2241 Comments


sounds interesting... i saw this guy back in december when he reformed wolfsbane to tour with the wildhearts, and he rly looked like he'd let himself go a bit. they were awesome live though, and fucking hilarious.

username345
July 11th 2008


594 Comments


Di'anno > the others

Wizard
July 11th 2008


19646 Comments


Sounds interesting Mikesn. Even though I'm not the biggest power metal fan, the rest of your descriptions make this sound promising. Good review as always.

Digging: Ash Borer - Cold of Ages

yas666eer
July 13th 2008


271 Comments

Album Rating: 3.0

Dickinson > di`anno live.... flat out... i have seen them both...

Belenor
July 14th 2008


5 Comments

Album Rating: 4.0 | Sound Off

Thanks for writing the review, Mike, maybe this will atract some listeners to Blaze Bayley :-) which would be good because Blaze deserves attention :-)

chdahi
January 10th 2009


22 Comments

Album Rating: 4.5

Good review. This album is definitely awesome. It's too bad that Blaze doesn't get the credit he deserves. All of his post-Maiden albums have been great and I would say that they are strong enough to be considered right up there with some of metal's best albums.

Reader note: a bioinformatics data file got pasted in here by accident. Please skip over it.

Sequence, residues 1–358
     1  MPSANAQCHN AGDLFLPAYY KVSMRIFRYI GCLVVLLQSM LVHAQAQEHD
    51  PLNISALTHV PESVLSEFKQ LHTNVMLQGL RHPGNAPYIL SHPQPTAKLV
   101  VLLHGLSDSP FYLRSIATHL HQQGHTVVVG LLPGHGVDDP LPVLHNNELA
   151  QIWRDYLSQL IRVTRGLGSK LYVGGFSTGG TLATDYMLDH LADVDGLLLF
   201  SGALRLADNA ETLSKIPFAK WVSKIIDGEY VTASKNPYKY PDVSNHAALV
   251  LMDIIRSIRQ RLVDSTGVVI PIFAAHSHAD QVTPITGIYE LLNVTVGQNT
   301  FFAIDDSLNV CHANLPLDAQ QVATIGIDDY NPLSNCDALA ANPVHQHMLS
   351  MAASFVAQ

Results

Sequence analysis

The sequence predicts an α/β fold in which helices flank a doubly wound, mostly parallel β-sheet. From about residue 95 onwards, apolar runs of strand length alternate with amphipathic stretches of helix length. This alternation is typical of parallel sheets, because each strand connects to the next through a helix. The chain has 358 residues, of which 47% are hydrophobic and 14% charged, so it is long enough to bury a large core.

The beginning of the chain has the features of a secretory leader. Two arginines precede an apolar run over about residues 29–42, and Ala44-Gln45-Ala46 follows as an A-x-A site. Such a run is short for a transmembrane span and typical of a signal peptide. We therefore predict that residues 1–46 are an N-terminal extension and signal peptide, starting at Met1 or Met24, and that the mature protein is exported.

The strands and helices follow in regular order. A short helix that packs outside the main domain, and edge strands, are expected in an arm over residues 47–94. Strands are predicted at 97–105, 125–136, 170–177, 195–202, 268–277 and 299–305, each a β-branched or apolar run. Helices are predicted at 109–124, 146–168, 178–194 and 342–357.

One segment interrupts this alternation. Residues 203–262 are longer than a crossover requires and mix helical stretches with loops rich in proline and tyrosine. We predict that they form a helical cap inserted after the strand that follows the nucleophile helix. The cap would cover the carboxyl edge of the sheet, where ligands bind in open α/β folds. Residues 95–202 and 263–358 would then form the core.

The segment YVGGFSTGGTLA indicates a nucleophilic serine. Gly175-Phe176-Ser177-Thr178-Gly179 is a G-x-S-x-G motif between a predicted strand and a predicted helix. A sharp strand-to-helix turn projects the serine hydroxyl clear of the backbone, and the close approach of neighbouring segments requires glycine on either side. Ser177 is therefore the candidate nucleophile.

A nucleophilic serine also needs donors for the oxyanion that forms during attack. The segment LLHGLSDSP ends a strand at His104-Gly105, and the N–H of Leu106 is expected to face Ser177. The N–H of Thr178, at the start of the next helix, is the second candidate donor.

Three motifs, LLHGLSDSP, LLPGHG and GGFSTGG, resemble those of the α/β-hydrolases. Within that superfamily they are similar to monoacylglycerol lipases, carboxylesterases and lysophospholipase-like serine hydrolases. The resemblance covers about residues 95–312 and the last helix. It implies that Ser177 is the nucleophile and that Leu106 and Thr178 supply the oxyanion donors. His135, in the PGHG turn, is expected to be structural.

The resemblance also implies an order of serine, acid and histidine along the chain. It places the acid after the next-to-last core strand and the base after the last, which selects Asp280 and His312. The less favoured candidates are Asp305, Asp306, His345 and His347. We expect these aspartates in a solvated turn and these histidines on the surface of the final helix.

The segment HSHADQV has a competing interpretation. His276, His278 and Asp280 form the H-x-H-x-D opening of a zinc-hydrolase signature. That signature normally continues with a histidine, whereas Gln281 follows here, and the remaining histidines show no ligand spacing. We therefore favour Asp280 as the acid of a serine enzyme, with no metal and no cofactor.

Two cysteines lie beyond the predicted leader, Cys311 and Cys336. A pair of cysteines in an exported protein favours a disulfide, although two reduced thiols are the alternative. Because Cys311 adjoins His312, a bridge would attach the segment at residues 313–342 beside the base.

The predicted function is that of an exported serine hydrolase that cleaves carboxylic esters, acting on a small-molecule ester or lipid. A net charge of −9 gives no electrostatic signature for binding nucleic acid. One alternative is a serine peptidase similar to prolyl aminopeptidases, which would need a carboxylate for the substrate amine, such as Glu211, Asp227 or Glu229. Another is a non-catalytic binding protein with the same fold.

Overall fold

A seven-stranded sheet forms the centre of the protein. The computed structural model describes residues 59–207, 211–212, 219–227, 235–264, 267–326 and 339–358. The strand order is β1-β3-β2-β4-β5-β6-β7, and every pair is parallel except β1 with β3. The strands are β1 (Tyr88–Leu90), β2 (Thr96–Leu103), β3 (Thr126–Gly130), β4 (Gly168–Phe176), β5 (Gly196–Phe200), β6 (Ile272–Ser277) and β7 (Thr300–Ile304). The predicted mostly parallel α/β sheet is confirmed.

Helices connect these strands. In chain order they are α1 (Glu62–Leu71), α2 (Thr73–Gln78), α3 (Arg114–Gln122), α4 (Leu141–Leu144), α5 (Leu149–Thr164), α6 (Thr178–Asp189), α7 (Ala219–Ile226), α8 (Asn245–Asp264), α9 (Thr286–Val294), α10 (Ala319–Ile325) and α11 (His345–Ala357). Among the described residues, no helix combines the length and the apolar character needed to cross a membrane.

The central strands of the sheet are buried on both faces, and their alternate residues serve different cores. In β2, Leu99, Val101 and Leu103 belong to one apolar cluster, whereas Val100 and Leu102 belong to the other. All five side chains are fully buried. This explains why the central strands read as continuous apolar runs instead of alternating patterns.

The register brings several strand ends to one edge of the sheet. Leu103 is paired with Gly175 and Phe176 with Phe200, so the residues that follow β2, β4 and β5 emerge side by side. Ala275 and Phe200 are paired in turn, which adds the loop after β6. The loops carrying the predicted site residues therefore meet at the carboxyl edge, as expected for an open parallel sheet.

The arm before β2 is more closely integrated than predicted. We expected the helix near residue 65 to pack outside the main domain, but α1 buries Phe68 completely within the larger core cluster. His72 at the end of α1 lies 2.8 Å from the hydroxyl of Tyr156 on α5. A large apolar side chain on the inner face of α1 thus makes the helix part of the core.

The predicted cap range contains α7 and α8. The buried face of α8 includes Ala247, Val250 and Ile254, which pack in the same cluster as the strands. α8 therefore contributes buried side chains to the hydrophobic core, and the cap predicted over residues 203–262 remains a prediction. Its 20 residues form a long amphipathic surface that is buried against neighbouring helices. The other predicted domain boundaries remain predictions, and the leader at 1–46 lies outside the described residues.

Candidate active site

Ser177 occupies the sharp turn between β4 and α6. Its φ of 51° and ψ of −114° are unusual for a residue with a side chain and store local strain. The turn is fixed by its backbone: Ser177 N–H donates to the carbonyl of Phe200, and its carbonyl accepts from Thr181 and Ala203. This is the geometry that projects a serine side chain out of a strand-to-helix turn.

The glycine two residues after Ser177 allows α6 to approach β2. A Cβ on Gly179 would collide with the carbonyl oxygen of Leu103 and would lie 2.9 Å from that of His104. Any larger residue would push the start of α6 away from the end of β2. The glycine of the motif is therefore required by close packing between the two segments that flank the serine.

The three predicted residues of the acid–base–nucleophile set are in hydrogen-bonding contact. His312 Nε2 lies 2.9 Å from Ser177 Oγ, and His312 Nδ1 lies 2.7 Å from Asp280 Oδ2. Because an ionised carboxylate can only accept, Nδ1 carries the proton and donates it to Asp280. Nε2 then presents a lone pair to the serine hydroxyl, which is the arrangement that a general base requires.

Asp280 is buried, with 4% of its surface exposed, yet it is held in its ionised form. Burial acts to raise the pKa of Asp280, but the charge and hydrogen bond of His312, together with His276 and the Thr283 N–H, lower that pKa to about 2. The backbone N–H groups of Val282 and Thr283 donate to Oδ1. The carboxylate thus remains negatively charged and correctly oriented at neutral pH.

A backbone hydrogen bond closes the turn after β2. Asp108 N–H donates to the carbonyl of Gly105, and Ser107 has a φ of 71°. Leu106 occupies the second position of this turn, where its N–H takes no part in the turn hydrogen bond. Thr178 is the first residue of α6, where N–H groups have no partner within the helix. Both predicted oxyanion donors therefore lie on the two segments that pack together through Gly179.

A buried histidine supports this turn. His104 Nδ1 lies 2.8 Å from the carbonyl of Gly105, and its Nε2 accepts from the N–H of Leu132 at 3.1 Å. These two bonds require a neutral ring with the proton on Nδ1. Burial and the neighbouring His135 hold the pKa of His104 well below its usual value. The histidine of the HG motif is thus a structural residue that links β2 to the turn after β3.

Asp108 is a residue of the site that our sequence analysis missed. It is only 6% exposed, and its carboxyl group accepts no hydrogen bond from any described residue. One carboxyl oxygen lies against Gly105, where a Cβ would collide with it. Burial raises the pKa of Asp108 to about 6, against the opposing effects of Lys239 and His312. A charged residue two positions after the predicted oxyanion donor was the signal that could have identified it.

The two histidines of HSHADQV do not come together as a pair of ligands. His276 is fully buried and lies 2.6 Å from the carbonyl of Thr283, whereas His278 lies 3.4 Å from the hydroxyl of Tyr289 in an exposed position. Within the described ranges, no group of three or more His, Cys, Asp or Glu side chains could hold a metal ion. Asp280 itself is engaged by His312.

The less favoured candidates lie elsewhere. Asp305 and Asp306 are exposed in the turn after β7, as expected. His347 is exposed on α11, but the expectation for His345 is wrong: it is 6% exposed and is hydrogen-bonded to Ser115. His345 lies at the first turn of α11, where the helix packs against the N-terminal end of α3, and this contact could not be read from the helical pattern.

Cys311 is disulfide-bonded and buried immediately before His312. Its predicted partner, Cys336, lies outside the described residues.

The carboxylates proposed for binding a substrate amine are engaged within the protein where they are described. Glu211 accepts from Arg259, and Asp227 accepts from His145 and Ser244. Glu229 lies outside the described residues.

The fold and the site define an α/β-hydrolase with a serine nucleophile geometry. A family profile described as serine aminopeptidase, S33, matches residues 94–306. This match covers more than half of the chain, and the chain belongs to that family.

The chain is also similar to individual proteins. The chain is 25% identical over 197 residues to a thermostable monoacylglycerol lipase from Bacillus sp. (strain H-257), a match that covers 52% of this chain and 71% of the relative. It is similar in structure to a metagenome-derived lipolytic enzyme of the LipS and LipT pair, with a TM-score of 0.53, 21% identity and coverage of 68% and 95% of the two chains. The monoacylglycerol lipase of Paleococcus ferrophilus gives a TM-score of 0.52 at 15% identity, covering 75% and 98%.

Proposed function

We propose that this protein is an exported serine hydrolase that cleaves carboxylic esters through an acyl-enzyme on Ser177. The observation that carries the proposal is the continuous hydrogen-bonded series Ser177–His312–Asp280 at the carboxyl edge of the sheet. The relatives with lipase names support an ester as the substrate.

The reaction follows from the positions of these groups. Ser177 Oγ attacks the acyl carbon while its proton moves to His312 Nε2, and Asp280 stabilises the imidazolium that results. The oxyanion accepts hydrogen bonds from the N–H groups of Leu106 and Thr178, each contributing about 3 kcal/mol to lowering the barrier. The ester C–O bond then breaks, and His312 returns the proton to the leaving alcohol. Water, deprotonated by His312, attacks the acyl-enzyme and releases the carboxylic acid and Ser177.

ConorMichaelJoseph
January 14th 2009


1870 Comments


Blaze was so under-appreciated.

Nagrarok
January 14th 2009


8323 Comments


Still is. He is the worst of Maiden's 3 vocalists, that's for sure, but he isn't that bad at all. Dickinson could never do Sign of the Cross or The Clansman like Bayley does.

And it also sucks that Di'Anno was fired. He is awesome on their first two. Yeah, that's when you get when you're unreliable.

ConorMichaelJoseph
January 14th 2009


1870 Comments


I like all three of Maiden's main vocalists, but Blaze was the worst I suppose. But the music on the albums during his tenure with them wasn't quite up to scratch either, never mind his singing, which I still think is great.

Bfhurricane
January 14th 2009


6197 Comments


I never thought Blaze's work with Maiden was anything special. Well written review, but I'm not sure if I can believe Blaze's redemption is all that swell with this, I've kind of forgotten about him.

SylentEcho
May 3rd 2009


1576 Comments

Album Rating: 4.0

Awesome CD! Fast, heavy and totally brings the metal! On a side note, does anyone else here think that Blaze sounds a lot like Paul Heyman? :P

quaazi
October 4th 2009


200 Comments

Album Rating: 4.0

Damndy damn damn, this one is a real gem. Blaze should have always been solo.